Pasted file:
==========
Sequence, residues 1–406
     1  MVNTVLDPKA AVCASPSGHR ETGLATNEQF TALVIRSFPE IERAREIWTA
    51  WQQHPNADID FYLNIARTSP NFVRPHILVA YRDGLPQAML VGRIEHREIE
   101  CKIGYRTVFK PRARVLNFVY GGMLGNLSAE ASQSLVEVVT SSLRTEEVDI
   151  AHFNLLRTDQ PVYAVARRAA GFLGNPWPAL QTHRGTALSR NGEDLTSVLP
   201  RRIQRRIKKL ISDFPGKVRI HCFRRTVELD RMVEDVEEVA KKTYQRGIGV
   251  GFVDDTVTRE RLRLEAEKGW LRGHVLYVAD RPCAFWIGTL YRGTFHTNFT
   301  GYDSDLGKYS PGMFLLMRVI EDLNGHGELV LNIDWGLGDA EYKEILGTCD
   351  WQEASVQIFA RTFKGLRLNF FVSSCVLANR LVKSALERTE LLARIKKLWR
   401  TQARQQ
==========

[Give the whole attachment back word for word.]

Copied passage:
Sequence, residues 1–406
     1  MVNTVLDPKA AVCASPSGHR ETGLATNEQF TALVIRSFPE IERAREIWTA
    51  WQQHPNADID FYLNIARTSP NFVRPHILVA YRDGLPQAML VGRIEHREIE
   101  CKIGYRTVFK PRARVLNFVY GGMLGNLSAE ASQSLVEVVT SSLRTEEVDI
   151  AHFNLLRTDQ PVYAVARRAA GFLGNPWPAL QTHRGTALSR NGEDLTSVLP
   201  RRIQRRIKKL ISDFPGKVRI HCFRRTVELD RMVEDVEEVA KKTYQRGIGV
   251  GFVDDTVTRE RLRLEAEKGW LRGHVLYVAD RPCAFWIGTL YRGTFHTNFT
   301  GYDSDLGKYS PGMFLLMRVI EDLNGHGELV LNIDWGLGDA EYKEILGTCD
   351  WQEASVQIFA RTFKGLRLNF FVSSCVLANR LVKSALERTE LLARIKKLWR
   401  TQARQQ